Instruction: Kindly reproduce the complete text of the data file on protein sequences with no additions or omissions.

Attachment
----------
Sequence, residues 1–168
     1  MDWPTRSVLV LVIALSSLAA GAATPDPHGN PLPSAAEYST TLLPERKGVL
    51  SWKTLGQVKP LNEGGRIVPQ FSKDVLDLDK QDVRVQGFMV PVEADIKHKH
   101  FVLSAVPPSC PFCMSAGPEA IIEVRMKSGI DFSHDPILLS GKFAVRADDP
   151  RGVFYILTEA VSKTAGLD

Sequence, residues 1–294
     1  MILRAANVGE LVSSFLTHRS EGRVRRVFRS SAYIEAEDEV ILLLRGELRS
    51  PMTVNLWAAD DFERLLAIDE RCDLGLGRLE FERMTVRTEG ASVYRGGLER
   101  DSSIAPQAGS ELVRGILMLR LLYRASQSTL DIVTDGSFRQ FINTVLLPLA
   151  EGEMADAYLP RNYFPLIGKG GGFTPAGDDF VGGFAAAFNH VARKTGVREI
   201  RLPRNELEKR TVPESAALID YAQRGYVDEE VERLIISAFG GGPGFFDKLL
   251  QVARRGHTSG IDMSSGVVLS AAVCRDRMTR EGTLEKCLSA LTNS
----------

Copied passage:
Sequence, residues 1–168
     1  MDWPTRSVLV LVIALSSLAA GAATPDPHGN PLPSAAEYST TLLPERKGVL
    51  SWKTLGQVKP LNEGGRIVPQ FSKDVLDLDK QDVRVQGFMV PVEADIKHKH
   101  FVLSAVPPSC PFCMSAGPEA IIEVRMKSGI DFSHDPILLS GKFAVRADDP
   151  RGVFYILTEA VSKTAGLD

Sequence, residues 1–294
     1  MILRAANVGE LVSSFLTHRS EGRVRRVFRS SAYIEAEDEV ILLLRGELRS
    51  PMTVNLWAAD DFERLLAIDE RCDLGLGRLE FERMTVRTEG ASVYRGGLER
   101  DSSIAPQAGS ELVRGILMLR LLYRASQSTL DIVTDGSFRQ FINTVLLPLA
   151  EGEMADAYLP RNYFPLIGKG GGFTPAGDDF VGGFAAAFNH VARKTGVREI
   201  RLPRNELEKR TVPESAALID YAQRGYVDEE VERLIISAFG GGPGFFDKLL
   251  QVARRGHTSG IDMSSGVVLS AAVCRDRMTR EGTLEKCLSA LTNS